Solar wind plasma data captured by the Tianwen-1 probe while in transit to Mars represent an important step toward a new era of cooperative Martian space exploration.
Observations reveal a connection between auroral particle precipitation and scintillation, indicating that the ionospheric E-region is a key source region for phase scintillation at auroral latitudes.
Analysis of multiple satellite data has revealed a striking connection between K-H waves on the magnetopause, surface waves in the hot zone near the plasmapause, and auroral undulations.
A new book describes recent results defining the many pathways and foreshock, bow shock, magnetosheath, and magnetopause phenomena connecting the solar wind to the dayside magnetosphere.
Naval radio signals may cause the formation of a barrier observed during geomagnetic storms that is seemingly impenetrable by relativistic electrons.
NASA’s Juno spacecraft is “hearing whistles” all over the place on Jupiter, a type of natural plasma waves called whistlers that are sometimes associated with atmospheric lightning.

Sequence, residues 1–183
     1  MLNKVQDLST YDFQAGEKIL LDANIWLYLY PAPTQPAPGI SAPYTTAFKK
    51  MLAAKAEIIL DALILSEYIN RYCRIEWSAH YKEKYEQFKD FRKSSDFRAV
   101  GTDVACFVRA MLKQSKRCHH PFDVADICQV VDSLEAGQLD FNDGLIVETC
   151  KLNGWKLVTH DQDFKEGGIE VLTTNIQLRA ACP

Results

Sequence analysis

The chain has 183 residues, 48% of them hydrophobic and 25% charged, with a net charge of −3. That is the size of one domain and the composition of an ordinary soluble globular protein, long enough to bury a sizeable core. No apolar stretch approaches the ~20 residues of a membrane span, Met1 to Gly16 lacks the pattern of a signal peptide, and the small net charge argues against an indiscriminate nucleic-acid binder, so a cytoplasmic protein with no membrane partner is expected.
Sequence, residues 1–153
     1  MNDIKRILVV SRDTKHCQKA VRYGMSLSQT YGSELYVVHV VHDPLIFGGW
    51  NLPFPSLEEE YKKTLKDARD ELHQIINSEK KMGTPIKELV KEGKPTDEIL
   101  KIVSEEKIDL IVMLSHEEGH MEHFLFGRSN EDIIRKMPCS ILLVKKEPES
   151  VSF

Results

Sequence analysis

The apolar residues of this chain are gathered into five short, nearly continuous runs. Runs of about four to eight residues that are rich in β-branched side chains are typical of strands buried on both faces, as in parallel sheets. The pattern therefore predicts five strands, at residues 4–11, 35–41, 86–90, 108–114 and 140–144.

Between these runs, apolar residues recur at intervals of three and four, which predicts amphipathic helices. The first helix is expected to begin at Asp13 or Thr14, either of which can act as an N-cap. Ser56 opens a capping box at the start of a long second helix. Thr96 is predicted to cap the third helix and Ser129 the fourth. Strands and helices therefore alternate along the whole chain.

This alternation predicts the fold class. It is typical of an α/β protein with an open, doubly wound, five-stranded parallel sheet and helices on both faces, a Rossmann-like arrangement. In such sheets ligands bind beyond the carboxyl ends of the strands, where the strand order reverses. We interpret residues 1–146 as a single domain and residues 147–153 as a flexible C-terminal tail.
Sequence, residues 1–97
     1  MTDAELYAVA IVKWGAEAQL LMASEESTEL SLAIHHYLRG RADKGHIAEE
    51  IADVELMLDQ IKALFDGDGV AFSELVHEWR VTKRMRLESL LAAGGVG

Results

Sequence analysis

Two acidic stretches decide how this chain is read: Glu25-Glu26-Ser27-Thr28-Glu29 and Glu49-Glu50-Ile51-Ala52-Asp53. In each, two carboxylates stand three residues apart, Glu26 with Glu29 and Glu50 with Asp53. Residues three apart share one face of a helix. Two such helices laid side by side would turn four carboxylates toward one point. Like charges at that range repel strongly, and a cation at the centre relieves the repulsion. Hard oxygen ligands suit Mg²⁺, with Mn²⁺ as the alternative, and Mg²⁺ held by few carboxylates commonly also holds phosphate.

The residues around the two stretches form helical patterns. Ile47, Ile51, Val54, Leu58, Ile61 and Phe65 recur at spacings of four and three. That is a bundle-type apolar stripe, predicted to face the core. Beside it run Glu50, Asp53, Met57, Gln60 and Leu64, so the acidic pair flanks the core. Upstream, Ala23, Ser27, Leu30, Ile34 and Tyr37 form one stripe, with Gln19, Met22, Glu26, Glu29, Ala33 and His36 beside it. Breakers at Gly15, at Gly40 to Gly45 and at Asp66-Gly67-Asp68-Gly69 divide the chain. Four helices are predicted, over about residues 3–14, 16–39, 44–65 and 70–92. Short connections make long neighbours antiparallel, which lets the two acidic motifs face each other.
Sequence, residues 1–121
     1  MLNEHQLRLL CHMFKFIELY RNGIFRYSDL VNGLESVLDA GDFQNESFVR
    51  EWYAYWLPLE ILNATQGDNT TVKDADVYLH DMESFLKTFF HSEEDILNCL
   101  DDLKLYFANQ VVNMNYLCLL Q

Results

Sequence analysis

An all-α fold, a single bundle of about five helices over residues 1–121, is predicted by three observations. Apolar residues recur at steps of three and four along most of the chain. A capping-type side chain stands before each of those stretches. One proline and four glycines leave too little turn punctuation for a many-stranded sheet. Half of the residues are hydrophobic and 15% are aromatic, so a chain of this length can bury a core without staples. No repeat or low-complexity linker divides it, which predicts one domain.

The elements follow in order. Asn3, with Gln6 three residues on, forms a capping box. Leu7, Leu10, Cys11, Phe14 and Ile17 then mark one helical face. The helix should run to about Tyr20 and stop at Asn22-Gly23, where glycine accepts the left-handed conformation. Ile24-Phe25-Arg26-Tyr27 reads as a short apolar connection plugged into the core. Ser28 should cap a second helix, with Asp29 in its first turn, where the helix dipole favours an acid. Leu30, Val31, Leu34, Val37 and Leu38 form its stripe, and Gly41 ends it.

An international armada of orbiting satellites and ground VLF network join forces to form a “magnetosphere-ionosphere observatory” to size up electromagnetic ion cyclotron waves in the magnetosphere.
Electrons energized and trapped at Mars were thought to lose energy inside the planet’s magnetosheath, but new research suggests a different explanation of spacecraft data.
Very Low Frequency transmitters used for communications with submarines modify the dynamics of energetic electrons in the inner radiation belt and the slot region.
The nightside ionosphere, at latitudes away from the auroral zone, should have very little charged particle density, but it doesn’t. A new comprehensive study of satellite data explains why.